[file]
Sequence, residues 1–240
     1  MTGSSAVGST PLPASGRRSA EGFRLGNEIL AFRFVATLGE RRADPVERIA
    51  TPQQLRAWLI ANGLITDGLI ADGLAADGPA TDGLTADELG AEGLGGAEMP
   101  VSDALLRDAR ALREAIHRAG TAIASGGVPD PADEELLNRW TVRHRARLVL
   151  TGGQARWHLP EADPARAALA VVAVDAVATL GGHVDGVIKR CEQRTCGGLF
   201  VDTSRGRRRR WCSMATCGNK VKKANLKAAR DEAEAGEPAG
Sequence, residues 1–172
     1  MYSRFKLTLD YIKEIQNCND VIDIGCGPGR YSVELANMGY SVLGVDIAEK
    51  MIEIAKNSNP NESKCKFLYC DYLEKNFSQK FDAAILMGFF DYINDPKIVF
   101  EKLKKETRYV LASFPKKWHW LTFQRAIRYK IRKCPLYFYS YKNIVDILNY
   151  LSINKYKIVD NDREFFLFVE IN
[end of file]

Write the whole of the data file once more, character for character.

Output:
Sequence, residues 1–240
     1  MTGSSAVGST PLPASGRRSA EGFRLGNEIL AFRFVATLGE RRADPVERIA
    51  TPQQLRAWLI ANGLITDGLI ADGLAADGPA TDGLTADELG AEGLGGAEMP
   101  VSDALLRDAR ALREAIHRAG TAIASGGVPD PADEELLNRW TVRHRARLVL
   151  TGGQARWHLP EADPARAALA VVAVDAVATL GGHVDGVIKR CEQRTCGGLF
   201  VDTSRGRRRR WCSMATCGNK VKKANLKAAR DEAEAGEPAG
Sequence, residues 1–172
     1  MYSRFKLTLD YIKEIQNCND VIDIGCGPGR YSVELANMGY SVLGVDIAEK
    51  MIEIAKNSNP NESKCKFLYC DYLEKNFSQK FDAAILMGFF DYINDPKIVF
   101  EKLKKETRYV LASFPKKWHW LTFQRAIRYK IRKCPLYFYS YKNIVDILNY
   151  LSINKYKIVD NDREFFLFVE IN